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Re: Re re Fungus gnats

  • To: Multiple recipients of list AROID-L <aroid-l@mobot.org>
  • Subject: Re: Re re Fungus gnats
  • From: neal foster <nealfost@umich.edu>
  • Date: Wed, 5 Apr 2000 20:45:42 -0500 (CDT)

Isn't there a commercial product called Gnatrol which contains Bacillus
thuringensis and which has been found to be pretty effective against the
larval stage under greenhouse conditions?


at 04:41 PM 04/05/2000 -0500, Bonaventure W Magrys wrote:
>Unfortunately the indoor Ari's soil mix contains peat, cow manure, old orchid
>potting media, ect. They have been growing now at drying conditions but still
>the gnats. Malathion, diazinon, and other sprays/drenches are only temporary,
>cannot do with every watering. Mothballs strategically placed however,
>have been doing the trick. Maybe some cinnamon powder ( good for those
>unfortunate rots - no problem at this time) may also have insect repellant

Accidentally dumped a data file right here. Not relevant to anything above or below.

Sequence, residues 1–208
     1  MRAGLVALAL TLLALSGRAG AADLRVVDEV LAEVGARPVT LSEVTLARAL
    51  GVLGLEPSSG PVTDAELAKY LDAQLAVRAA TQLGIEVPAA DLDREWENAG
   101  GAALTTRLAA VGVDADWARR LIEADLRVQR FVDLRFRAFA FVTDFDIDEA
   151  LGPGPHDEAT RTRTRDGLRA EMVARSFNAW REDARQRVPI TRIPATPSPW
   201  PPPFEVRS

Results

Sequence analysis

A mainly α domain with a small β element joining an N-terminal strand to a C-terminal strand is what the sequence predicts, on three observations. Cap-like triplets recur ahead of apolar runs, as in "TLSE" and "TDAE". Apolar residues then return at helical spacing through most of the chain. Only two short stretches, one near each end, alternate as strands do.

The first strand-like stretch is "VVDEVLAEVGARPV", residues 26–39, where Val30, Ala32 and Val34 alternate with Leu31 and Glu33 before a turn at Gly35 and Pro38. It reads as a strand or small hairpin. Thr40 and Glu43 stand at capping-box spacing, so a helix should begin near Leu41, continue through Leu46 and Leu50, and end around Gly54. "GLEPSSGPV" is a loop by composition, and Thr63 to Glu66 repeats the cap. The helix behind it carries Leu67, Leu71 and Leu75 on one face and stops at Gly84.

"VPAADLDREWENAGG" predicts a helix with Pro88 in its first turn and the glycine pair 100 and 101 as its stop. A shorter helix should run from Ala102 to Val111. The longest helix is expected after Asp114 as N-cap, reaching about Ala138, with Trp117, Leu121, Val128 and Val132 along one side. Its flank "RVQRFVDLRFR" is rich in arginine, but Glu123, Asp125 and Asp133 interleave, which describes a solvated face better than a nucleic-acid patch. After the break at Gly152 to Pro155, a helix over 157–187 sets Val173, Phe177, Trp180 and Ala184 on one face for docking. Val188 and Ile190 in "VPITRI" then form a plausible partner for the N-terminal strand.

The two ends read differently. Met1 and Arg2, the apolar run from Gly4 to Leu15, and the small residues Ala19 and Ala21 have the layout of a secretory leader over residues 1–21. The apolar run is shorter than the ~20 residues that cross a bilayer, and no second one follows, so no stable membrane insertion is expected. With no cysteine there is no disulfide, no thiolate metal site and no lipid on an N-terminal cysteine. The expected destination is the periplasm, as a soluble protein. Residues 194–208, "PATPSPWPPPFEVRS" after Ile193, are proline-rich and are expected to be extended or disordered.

>Denis <denis@skg.com> on 04/03/2000 06:02:16 PM
>Please respond to aroid-l@mobot.org
>To:  Multiple recipients of list AROID-L <aroid-l@mobot.org>
>cc:  (bcc: Bonaventure W Magrys/ADM/SHU)
>Subject:  Re: Fungus gnats
>Fungus gnats are common in places that stay too moist and damp and have
lots of
>decaying vegetable matter to feed their larvae. Your first course of action
>should be to remove the conditions that are allowing the critters to breed
>thrive, improve santitation under benches etc. If this doesn't help then
go to
>the heavy duty insecticides, Dursban etc.
>Paul Kruse wrote:
>> Fungus gnats not only feed on fungus, but the larvae may also feed on plant
>> roots or even enter plant stems.
>> The following chemicals have been used to control these pests.  Be aware
>> that some chemicals might not be safe for certain plants.
>> Approved for greenhouse and interiorscape use:  chlorpyrifos (Duraguard),
>> diazonon, and  resmethrin.
>> Paul Kruse

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